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Sunday, February 9, 2014

Harry Potter Alphabet: J is for Janus

When I was younger, J was one of my favorite naming letters. It is the reason I love the name Benjamin. Now, a bit older, and I actually find J to be a challenge for naming, and it appears that I am not alone - JK Rowling only used six "J" names in her books, and some of these are a stretch - one is a surname, and one is a middle name.

Justin - Justin is an old Latin name, related to the name Justus, and the word Justice. It means "just, upright, and righteous". Most popular in the late 80s/early 90s, the name is still in the top 100, but on the decline.  (Justin Finch-Fletchley)

Jack - American is no stranger to Jack. This exact variant has been in the top 100 since 1996, and other versions (Jackson, Jax, Jaxon, etc) also all have had recent popularity. Jack is originally a nickname for John, but broke off on its own a long time ago. (Jack Sloper)

Jane (Deloris Jane Umbridge) - Jane is very popular as a middle name currently. (So popular I have feared when making my own name decisions that it is this generation's version of Lynn. You would be astounded by how many women my age have the middle name Lynn). Despite its middle name popularity, it is ranked rather low (mid 300s) as a first name. The saying tied to the name is "Plain Jane", and I have seen several women worry that they "like the name, but is it too boring?". I don't think its boring at all. I think its classy, and sometimes, simple is exactly what we need.

Jordan (Lee Jordan) - So, Jordan is actually used as a surname in Harry Potter, but fans now that this character rarely goes by his first name Lee. The voice of Professor McGonnagal shouting Jordan still echoes in my ears. Jordan is one of my favorite gender-neutral names. (OK... it actually might be one of the only gender-neutral names I like!). It has been in the top 1000 for awhile, but really took off as a boy's name in the 80s (right around the time Michael Jordan entered the scene... coincidence? I think not...).

James (James Potter) - Regal, Biblical, and overall, classic. James reached its all time low of popularity in 2010... when it hit 19th. That's right, since 1880, James has never fallen out of the top 100. Talk about a perennial.

Janus (Janus Thickey) - This boys name Janus is an old Latin name, also the Roman god of doors. It means "gateway". Similar sound female names, like Janet, Janice, and Janelle are a bit out of fashion. Does that mean Janus is outdated, or due for a comeback? (Janus Thickey)

So what do you think? Is there a James or Jane in your future? What about the more unique Janus? Did Rowling do "J" justice?

Wednesday, February 5, 2014

How to Get Your Nickname: Carlie

In 2012, 2287 girls in the US were named some version of Carlie. The most popular spelling is Carly, followed by Carlee, Carlie, Carley, and Carleigh in that order. A similar name, Carla, is also ranked in the top 1000. Love the sound of Carlie but want to give your kid a more formal option? Try on the names below for size...

Charlotte - Growing in popularity, and most recently coming at 19th, many mom's are choosing this with the nicknames of Charlie or Lottie in mind, but Carlie is just as fitting!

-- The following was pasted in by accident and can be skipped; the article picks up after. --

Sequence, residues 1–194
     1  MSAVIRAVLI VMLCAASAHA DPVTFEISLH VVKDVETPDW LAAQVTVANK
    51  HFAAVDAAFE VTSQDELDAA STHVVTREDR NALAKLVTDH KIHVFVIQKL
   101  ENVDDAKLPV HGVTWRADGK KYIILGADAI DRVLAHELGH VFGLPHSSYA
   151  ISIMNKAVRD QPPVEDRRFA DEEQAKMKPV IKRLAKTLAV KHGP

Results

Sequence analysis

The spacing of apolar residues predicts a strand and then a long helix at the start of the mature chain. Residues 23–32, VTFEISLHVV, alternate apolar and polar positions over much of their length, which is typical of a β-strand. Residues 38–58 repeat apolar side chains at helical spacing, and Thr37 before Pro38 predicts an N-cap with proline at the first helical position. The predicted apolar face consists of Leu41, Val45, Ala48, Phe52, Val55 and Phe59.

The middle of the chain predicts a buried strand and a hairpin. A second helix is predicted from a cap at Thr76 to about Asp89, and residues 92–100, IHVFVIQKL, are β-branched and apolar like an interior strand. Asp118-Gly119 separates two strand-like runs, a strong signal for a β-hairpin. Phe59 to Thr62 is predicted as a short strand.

Charletta - If Charlotte is getting too popular for your taste, you could try this variation.

Caroline - Carlie is a more updated nickname for this old classic then Carol. Just as with Charlotte and Charlette, Carolina is also an option (or Carolin).

Carabella - Belle names are all the vogue, (in fact this blog at Baby Name Wizard lists 146 Belle names that made it into the public SSA records in 2012), so why not Carabelle? It could have a great meaning too - beloved beauty.

Carlicia - This is probably one of the most direct routes to Carlie, along with the slight variations of Carlisa and Caralisa.

Charlene - I am not sure this name is quite ready for a comeback. It was most popular in 1949, when it reached the rank of 100th, but has declined since then and fell entirely out of the top 1000 in the 2000. But if you want to use it as an honor name, Carlie could be a great nickname.

Carmella - A more feminine frilly version of Carmen.

Caraliesa - This is especially good for people who love the sound of Carlie but want something more formal! A similar option is Caralie.

Scarlett/Scarletta - It is always hard to identify the names that have the nickname in the middle, but this one is obvious. Currently ranked 61st, it is a trendy choice, but the nickname Carlie could offer another twist.

So what do you think? Any of these worth considering?

Monday, February 3, 2014

Northern Minnesota Real Names (January 2014)

Dom Kenneth
Luca Christopher
Orlando John
Robert Allert-Nordman
Dominic Robert
Fisher Kelvin
Jacob Benjamin
Morrison Lawrence
Jaden Elias
Jaxon Timothy
Bennett Robert
Caleb Joseph
Lucas Stephen
Damasio Tony
Cohen Robert
Roman Cameron
Rhett James
Parker Joseph
Ward William
Eirik Harold William

Olivia Genevieve
IraRose Reign
Riley Marie
Maizie Mae
Isla Denise
McKinlee Anne Marie
Willow Barbara-Kit
Chelsea Fay
Isla Kathleen
Karly Kathleen

Any comments? Two Isla's in one month. I knew this name was on the rise, maybe is climbing faster then we would have suspected!! Also, a lot of double middle names - and hyphenated middle names, something I hadn't really considered.